Doral Financial, holding company for Doral Bank, prevailed in its recent legal battle with Puerto Rico's Treasury Department, which involved a disputed tax refund.
Court of Instance sides with Doral
San Juan-based Doral announced on Friday, Oct. 10, that Puerto Rico's Court of First Instance had sided with the company. As a result of the ruling, made by Puerto Rico Superior Court Judge Laureana Perez, the Treasury Department will refund Doral $229.9 million over the course of five years, according to Bloomberg.
Matthew McGill, who works for global law firm Gibson, Dunn & Crutcher and serves as Doral's chief legal counsel, commented on the situation.
"We are deeply gratified by the court's ruling," he stated. "The court carefully listened to all the evidence and has ruled definitively that Doral's tax agreement is valid and effective. ... Doral stands ready to work with Hacienda to put this litigation behind us all and to move forward serving the people of Puerto Rico."
The court decision came at a good time for the firm, seeing as how it last reported an annual profit in 2005, the media outlet reported. Amid these financial difficulties, Doral has encountered pressure to collect the refund.
The dispute centered around a 2012 agreement, which allowed the company to reclassify money it alleged it had overpaid in taxes as a prepaid tax asset, according to American Banker. When Doral requested a refund, the Treasury Department refused, backing up its decisions with several justifications, including a claim the statute of limitations had passed.
When explaining why it nullified the agreement, Treasury Secretary Melba Acosta-Febo noted the statute of limitations, and said the deal was never recognized on the government accounting books, Reuters reported. Government officials pointed out other matters, asserting that fraud was involved in coming to the agreement. In addition, they identified discrepancies in company documents.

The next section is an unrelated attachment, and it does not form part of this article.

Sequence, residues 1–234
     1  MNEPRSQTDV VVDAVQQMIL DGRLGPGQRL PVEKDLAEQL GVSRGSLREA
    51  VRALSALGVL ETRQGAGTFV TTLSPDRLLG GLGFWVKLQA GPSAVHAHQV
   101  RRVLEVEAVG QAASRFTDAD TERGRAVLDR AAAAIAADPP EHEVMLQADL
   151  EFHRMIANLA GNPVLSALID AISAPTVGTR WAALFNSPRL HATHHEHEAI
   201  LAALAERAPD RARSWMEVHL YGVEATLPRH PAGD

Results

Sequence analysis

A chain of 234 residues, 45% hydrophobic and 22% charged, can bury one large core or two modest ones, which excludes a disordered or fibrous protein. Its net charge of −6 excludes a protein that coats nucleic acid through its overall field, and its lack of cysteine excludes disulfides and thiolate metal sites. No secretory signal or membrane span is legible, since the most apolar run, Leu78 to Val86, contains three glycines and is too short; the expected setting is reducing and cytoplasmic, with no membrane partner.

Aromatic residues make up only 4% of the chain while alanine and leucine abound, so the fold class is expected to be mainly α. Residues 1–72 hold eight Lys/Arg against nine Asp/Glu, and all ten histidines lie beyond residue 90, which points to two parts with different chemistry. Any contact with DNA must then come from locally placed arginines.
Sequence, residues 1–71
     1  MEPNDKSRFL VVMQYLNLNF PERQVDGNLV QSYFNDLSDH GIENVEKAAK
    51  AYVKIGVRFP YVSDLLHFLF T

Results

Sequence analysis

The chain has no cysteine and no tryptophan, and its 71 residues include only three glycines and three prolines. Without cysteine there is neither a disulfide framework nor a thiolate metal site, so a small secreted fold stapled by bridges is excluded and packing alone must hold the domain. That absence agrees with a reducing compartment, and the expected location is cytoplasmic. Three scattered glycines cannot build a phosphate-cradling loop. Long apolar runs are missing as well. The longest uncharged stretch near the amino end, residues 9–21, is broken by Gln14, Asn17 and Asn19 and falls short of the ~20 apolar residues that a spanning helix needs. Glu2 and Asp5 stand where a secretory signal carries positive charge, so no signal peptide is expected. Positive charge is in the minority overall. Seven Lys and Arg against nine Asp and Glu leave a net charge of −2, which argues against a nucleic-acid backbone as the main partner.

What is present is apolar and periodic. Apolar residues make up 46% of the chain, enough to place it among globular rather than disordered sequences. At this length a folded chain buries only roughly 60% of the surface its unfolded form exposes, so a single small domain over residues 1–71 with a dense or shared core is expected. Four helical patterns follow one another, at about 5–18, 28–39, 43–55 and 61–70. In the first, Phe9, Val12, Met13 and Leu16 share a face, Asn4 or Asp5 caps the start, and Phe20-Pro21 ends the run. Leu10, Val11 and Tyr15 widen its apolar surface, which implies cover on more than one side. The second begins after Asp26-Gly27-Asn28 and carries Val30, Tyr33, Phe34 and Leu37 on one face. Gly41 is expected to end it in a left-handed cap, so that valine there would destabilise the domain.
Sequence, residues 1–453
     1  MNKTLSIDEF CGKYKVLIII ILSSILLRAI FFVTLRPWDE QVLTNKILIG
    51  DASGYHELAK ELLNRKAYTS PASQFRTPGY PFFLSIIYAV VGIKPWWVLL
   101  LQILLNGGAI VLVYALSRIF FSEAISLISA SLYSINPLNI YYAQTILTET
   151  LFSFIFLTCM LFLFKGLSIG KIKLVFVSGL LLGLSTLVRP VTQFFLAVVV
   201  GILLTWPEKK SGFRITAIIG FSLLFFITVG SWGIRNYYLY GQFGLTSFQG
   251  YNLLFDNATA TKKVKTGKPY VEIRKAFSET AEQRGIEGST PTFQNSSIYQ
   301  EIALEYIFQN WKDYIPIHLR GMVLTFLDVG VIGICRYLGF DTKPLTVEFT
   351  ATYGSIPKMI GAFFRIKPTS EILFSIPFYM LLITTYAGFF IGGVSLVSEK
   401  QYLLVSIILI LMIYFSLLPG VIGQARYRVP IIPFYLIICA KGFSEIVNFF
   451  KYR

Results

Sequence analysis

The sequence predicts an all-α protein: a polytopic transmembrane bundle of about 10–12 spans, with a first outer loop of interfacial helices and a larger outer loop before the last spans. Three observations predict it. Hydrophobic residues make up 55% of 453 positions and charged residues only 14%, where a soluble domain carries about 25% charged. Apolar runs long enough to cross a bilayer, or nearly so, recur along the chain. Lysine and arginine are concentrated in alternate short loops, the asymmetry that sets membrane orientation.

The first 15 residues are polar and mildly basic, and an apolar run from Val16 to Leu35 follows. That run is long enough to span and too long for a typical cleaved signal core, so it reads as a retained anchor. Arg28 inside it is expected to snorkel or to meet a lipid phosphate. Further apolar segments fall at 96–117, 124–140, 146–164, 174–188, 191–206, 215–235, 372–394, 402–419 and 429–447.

Upon receiving this decision, Doral filed a lawsuit, alleging the defendants "acknowledged that Doral was entitled to a refund" in prior agreements and claiming its constitutional rights were breached, according to American Banker.
The company and the government agency began disputing the tax refund at a time when Puerto Rico's economy, which has had a hard time growing since 2006, was encountering challenges, Bloomberg reported.
Some have expressed doubts over whether the territory and its government agencies would be able to repay their debts, and amid these concerns, the three major credit ratings agencies slashed Puerto Rico's credit rating to speculative grade in February, according to the news source.
While these economic challenges may be troublesome, Perez indicated she didn't consider them when providing her ruling, the media outlet reported. More importantly, the Treasury Department failed to prove that Doral had either misrepresented or falsified the facts that pertained to the refund agreement, she decided.
On Oct. 10, Puerto Rico's Treasury Secretary announced she would appeal the Doral case. The government official emphasized that until the appeals process is over, the territory will continue to dispute the refund.
'Great day' for rule of law
While she seems wholeheartedly opposed to the court's decision, McGill provided a different point of view.
"The court carefully listened to all the evidence and has ruled definitively that Doral's tax agreement is valid and effective," he said. "It's a great day not just for Doral but also for the rule of law in Puerto Rico."